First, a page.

- All investing is subject to risk, including the possible loss of the money you invest. Be aware that fluctuations in the financial markets and other factors may cause declines in the value of your account. There is no guarantee that any particular asset allocation or mix of funds will meet your investment objectives or provide you with a given level of income.
- Investments in bond funds are subject to the risk that an issuer will fail to make payments on time, and that bond prices will decline because of rising interest rates or negative perceptions of an issuer's ability to make payments.
- U.S. government backing of Treasury or agency securities applies only to the underlying securities and does not prevent share-price fluctuations. Unlike stocks and bonds, U.S. Treasury bills are guaranteed as to the timely payment of principal and interest.
- Investments in stocks or bonds issued by non-U.S. companies are subject to risks including country/regional risk and currency risk. These risks are especially high in emerging markets. \
- IMPORTANT: The projections and other information generated by the Vanguard Capital Markets Model regarding the likelihood of various investment outcomes are hypothetical in nature, do not reflect actual investment results, and are not guarantees of future results. VCMM results will vary with each use and over time.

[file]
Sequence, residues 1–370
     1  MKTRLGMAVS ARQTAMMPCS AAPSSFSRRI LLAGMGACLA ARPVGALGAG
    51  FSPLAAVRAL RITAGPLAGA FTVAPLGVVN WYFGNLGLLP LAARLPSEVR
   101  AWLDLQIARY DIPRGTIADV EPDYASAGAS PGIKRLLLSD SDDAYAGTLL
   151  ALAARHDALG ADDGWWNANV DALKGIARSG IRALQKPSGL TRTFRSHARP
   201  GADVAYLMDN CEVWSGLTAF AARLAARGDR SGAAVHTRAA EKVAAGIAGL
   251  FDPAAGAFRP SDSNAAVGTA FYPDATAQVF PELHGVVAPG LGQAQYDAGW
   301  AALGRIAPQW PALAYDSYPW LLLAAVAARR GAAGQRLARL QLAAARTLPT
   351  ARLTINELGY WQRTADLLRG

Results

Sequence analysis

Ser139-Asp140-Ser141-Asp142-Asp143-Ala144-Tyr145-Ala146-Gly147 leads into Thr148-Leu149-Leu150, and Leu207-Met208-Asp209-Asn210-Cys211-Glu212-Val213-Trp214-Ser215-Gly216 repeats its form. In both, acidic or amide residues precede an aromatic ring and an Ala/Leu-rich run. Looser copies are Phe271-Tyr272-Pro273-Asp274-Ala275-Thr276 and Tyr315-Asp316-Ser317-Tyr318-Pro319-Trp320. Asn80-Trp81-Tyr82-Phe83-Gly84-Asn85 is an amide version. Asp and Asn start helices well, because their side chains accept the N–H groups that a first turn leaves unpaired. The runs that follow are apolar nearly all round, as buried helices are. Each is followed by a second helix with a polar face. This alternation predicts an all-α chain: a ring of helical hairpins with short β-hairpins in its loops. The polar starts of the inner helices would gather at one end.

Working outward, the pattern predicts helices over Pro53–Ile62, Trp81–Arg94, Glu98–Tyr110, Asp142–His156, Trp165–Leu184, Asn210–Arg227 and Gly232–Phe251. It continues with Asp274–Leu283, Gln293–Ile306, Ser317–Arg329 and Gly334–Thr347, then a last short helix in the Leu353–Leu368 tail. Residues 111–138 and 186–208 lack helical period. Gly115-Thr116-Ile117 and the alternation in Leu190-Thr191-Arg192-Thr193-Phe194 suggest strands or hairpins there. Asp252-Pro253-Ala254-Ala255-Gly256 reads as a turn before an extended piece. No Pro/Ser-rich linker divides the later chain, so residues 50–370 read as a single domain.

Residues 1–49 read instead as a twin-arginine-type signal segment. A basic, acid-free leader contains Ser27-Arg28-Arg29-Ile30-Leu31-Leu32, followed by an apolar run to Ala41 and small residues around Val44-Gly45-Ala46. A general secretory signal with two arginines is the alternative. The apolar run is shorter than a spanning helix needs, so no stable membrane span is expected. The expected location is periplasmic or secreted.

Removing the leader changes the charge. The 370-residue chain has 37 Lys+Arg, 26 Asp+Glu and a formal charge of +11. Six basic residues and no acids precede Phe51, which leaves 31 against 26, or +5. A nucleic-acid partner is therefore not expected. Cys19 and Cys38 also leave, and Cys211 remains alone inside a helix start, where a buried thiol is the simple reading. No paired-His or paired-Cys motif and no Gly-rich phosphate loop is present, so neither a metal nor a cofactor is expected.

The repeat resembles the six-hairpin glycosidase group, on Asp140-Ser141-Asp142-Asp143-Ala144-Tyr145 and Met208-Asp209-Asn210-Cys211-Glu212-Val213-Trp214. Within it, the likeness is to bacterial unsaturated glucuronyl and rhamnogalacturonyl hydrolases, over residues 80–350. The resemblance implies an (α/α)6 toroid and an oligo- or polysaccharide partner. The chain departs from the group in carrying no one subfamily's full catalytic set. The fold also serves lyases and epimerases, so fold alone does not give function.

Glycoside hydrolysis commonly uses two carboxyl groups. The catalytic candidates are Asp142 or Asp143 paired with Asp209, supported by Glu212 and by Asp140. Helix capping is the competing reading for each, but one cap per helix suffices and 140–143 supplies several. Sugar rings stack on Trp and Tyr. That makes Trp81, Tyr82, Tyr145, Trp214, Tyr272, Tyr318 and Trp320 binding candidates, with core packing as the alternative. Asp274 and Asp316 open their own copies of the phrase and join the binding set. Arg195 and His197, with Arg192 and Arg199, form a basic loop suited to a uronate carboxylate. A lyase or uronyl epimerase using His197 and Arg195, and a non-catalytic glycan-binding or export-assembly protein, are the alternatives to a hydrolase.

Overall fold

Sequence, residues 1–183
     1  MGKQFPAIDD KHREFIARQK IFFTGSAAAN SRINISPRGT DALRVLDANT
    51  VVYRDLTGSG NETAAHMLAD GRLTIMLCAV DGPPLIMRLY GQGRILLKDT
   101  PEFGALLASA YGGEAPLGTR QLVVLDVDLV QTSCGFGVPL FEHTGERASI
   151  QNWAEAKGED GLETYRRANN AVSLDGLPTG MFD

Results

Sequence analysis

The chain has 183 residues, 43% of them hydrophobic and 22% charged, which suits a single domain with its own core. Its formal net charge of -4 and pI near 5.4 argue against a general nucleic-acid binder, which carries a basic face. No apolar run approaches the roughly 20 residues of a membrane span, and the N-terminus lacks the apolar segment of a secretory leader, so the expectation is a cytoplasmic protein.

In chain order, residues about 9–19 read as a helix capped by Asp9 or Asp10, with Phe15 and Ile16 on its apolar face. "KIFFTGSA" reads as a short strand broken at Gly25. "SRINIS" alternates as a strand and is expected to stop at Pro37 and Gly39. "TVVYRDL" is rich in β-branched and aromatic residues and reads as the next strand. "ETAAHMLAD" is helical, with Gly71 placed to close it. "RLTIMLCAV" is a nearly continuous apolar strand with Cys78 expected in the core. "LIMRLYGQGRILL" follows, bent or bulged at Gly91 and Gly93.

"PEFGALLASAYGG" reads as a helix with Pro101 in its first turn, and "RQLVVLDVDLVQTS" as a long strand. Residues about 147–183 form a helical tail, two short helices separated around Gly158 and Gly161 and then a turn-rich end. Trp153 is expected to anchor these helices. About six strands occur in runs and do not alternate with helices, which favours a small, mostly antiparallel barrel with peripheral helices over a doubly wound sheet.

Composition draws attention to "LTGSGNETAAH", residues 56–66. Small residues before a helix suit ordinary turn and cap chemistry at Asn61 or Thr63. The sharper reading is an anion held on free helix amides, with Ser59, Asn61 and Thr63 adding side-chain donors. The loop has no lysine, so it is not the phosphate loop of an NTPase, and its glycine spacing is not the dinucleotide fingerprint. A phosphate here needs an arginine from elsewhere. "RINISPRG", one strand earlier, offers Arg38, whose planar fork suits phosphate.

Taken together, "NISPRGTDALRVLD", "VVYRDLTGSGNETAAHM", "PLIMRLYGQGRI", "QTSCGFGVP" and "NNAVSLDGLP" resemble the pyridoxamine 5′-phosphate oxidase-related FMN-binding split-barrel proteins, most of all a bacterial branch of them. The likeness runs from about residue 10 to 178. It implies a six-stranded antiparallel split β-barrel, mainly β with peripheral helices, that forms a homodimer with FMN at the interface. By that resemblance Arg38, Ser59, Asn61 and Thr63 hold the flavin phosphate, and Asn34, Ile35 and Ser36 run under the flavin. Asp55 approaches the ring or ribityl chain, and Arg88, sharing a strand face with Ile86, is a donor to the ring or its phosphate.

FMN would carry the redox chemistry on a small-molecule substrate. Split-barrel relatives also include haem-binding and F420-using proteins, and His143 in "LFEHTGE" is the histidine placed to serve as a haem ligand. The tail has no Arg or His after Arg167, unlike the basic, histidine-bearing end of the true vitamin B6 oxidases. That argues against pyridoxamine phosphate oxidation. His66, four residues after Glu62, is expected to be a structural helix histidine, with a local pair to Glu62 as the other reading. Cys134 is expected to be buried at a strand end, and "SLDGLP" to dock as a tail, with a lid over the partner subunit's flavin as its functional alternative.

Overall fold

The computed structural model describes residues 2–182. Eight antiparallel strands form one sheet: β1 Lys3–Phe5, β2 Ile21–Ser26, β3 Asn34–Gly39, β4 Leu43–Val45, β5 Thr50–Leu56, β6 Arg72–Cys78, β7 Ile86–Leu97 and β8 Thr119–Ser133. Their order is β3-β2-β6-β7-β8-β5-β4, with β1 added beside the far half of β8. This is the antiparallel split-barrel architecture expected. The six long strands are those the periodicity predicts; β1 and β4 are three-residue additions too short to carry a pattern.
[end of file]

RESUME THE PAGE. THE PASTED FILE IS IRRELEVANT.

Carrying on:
- The VCMM projections are based on a statistical analysis of historical data. Future returns may behave differently from the historical patterns captured in the VCMM. More important, the VCMM may be underestimating extreme negative scenarios unobserved in the historical period on which the model estimation is based.
- The Vanguard Capital Markets Model® is a proprietary financial simulation tool developed and maintained by Vanguard’s primary investment research and advice teams. The model forecasts distributions of future returns for a wide array of broad asset classes. Those asset classes include U.S. and international equity markets, several maturities of the U.S. Treasury and corporate fixed income markets, international fixed income markets, U.S. money markets, commodities, and certain alternative investment strategies. The theoretical and empirical foundation for the Vanguard Capital Markets Model is that the returns of various asset classes reflect the compensation investors require for bearing different types of systematic risk (beta). At the core of the model are estimates of the dynamic statistical relationship between risk factors and asset returns, obtained from statistical analysis based on available monthly financial and economic data from as early as 1960. Using a system of estimated equations, the model then applies a Monte Carlo simulation method to project the estimated interrelationships among risk factors and asset classes as well as uncertainty and randomness over time. The model generates a large set of simulated outcomes for each asset class over several time horizons. Forecasts are obtained by computing measures of central tendency in these simulations. Results produced by the tool will vary with each use and over time.